The Clean Development Mechanism: Some Developing Country Perspectives
Publication Year: 1998
Author(s): Rajendra K Pachauri
The Protocol adopted at Kyoto came after a prolonged period of negotiations including two prior Conferences of the Parties (COPS) at Berlin and Geneva, respectively, and several other meetings of subsidiary bodies, such as the Adhoc Group on the Berlin Mandate (AGBM) that attempted to develop a protocol that would be accepted by all the Parties to the Framework Convention on Climate Change (FCCC). However, progress in arriving at an agreement was slow right up to the final hours of the extended Kyoto meeting. In fact, at a stage just before the conference, several voices of doubt were raised on whether Kyoto would actually produce a protocol. The differences between the position of the European Union which had advocated a targeted reduction of 15 percent by the year 2010 versus no reductions suggested by some other countries, were the most dominant reality slowing down the process of negotiations and stalling a consensus among all the Parties. Fortunately, the spirit at Kyoto was one of determination to arrive at some agreement, however large may have been the divergence between the stated positions of the most important groups participating in the COP.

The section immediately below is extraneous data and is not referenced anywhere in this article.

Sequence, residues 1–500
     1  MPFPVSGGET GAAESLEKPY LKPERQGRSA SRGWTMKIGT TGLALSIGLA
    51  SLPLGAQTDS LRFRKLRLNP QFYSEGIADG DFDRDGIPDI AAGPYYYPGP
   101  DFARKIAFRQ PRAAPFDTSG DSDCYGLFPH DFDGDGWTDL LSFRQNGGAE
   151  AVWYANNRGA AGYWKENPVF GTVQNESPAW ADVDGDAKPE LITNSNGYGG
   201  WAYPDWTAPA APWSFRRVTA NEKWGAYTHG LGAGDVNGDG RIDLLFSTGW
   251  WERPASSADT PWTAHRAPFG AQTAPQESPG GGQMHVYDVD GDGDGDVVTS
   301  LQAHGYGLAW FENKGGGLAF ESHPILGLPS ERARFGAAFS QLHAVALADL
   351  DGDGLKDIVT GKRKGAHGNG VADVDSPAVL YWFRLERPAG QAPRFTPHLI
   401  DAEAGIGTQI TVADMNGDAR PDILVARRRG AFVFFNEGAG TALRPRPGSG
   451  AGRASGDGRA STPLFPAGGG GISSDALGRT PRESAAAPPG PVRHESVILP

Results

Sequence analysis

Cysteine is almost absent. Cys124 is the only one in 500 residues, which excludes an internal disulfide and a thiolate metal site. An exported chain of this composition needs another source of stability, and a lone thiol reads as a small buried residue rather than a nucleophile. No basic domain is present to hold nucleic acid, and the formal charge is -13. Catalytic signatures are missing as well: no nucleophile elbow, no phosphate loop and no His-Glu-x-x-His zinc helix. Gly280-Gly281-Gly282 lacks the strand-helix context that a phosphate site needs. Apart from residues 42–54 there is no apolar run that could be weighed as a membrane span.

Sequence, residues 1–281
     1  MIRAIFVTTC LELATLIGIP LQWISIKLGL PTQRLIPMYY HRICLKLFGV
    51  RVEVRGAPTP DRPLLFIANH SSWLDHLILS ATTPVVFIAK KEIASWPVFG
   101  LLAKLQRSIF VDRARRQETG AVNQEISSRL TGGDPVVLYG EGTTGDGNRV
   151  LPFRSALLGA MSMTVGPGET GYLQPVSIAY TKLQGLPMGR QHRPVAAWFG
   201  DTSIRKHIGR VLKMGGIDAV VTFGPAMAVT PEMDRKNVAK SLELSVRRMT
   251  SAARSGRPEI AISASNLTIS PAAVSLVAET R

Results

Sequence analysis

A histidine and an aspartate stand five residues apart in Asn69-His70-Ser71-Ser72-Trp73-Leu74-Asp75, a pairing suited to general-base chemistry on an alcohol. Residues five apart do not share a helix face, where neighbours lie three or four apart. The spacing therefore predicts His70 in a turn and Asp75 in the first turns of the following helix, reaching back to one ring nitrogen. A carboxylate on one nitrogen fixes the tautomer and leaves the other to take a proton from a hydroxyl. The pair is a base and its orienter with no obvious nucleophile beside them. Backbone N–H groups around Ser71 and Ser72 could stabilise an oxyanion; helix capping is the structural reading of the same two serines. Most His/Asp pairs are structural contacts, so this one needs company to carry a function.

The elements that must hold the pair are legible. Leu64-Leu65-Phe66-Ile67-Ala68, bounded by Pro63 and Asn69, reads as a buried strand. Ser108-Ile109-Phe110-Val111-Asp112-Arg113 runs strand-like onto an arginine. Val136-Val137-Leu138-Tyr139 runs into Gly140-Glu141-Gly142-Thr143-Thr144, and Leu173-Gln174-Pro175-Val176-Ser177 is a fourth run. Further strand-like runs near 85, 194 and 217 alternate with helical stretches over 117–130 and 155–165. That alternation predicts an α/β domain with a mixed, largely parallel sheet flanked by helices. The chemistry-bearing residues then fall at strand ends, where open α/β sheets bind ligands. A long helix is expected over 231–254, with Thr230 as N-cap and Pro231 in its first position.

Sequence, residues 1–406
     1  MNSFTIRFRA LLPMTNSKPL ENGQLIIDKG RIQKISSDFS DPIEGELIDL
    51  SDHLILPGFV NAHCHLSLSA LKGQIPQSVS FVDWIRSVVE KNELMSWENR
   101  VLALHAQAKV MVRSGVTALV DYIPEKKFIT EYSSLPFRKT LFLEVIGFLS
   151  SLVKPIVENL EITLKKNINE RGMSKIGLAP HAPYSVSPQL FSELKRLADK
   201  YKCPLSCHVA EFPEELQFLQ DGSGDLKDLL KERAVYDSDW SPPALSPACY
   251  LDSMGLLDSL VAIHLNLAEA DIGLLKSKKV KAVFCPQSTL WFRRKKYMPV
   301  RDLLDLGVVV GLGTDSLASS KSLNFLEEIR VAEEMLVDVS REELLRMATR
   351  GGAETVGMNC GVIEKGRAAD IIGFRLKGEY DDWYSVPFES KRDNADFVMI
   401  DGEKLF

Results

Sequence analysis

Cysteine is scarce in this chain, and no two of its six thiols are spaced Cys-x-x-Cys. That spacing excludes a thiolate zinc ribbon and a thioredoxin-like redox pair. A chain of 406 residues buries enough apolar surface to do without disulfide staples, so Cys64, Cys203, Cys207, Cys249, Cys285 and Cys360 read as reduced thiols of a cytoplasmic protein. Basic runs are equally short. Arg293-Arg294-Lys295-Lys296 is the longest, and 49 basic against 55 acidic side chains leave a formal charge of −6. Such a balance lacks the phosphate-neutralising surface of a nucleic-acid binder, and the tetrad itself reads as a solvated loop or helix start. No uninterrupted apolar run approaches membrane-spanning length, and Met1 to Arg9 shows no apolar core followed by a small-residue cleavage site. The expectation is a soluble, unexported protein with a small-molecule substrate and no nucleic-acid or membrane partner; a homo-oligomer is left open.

Source: The Energy Journal Vol. 19(1): 16-19p.
Publisher/Organisation: International Association for Energy Economics